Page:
•Preventable lifestyle diseases such as cardiovascular disease, diabetes and obesity are on the rise throughout the U.S.
•Evidence suggests that sitting may affect many such disorders. The shift toward more sedentary, computer-based work and away from manual labor may be combining with an increased amount of sitting during leisure hours to adversely affect public health.
•The business and healthcare communities have begun to combat the adverse health effects of sitting by raising awareness of the issue and encouraging increased physical activity in the workplace and at home. This article reviews literature on the topic and describes potential solutions.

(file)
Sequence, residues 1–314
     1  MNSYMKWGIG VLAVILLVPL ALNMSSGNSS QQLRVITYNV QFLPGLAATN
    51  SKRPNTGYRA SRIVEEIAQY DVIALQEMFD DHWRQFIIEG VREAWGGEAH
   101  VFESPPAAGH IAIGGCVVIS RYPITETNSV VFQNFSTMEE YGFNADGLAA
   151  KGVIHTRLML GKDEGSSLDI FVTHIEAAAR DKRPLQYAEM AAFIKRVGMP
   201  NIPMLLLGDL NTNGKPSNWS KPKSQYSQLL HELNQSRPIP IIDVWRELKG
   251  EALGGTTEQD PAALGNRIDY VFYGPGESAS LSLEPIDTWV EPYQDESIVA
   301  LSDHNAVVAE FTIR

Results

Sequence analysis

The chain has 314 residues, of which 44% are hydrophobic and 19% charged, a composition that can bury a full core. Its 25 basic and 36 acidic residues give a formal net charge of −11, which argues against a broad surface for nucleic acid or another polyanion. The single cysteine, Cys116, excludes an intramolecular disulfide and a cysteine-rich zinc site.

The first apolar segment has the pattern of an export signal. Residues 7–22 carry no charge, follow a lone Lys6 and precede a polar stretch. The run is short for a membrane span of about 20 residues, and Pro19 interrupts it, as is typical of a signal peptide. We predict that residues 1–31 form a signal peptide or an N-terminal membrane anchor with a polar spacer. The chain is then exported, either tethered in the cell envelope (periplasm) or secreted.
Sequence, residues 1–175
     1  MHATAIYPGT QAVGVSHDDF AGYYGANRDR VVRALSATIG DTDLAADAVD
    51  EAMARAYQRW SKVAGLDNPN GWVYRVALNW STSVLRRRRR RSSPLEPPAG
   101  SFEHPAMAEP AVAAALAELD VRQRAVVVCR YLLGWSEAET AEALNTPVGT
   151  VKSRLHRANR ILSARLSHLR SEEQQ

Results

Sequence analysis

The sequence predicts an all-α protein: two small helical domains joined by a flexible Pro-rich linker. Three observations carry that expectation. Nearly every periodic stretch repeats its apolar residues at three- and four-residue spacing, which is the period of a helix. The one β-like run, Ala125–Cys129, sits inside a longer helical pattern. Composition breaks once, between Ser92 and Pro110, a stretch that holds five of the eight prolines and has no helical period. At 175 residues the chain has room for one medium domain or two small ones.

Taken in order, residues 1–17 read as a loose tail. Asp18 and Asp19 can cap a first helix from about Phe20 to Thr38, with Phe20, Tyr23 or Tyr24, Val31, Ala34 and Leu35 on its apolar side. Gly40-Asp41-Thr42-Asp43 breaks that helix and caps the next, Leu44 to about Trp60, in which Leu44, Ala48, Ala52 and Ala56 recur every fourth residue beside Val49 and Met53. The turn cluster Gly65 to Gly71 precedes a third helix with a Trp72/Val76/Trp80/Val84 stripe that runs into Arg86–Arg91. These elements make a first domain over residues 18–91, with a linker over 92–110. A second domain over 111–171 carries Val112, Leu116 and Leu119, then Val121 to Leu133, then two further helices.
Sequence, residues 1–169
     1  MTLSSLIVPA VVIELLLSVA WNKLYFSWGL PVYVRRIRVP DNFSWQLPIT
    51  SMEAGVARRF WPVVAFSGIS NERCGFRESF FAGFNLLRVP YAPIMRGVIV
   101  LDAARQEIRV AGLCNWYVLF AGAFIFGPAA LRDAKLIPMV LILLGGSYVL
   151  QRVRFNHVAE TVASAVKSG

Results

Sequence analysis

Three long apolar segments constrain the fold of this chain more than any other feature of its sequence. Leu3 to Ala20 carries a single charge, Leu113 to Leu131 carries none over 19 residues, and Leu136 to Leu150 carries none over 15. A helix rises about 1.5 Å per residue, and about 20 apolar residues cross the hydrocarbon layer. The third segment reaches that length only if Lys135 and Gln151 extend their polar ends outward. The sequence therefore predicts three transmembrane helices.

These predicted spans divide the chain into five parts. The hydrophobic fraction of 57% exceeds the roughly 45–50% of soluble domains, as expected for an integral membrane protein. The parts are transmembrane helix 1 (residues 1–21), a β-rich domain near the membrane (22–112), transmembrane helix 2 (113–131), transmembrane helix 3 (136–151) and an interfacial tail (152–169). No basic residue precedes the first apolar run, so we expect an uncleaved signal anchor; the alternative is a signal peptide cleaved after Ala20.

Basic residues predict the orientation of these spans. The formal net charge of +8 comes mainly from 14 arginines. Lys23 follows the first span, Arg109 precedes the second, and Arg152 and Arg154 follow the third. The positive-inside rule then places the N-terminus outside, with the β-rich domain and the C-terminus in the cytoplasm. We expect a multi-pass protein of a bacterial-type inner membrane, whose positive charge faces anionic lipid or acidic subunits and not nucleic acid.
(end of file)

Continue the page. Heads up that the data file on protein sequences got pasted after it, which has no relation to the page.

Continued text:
Preventable lifestyle diseases are on the rise. Obesity, diabetes and heart disease have become more prevalent, placing an enormous strain on the U.S. healthcare system (Hammond & Levine, 2010). According to CDC (“Overweight”), in 2012 more than one in three Americans was obese, up from 15% in the 1960s. During the late 1970s, the percentage of Americans who were overweight was a little more than 40%; today it is estimated at more than 70%. Similarly, diabetes incidence has risen dramatically during the same period and is predicted to exceed 30% of the population by 2050 (American Diabetes Association, 2013).
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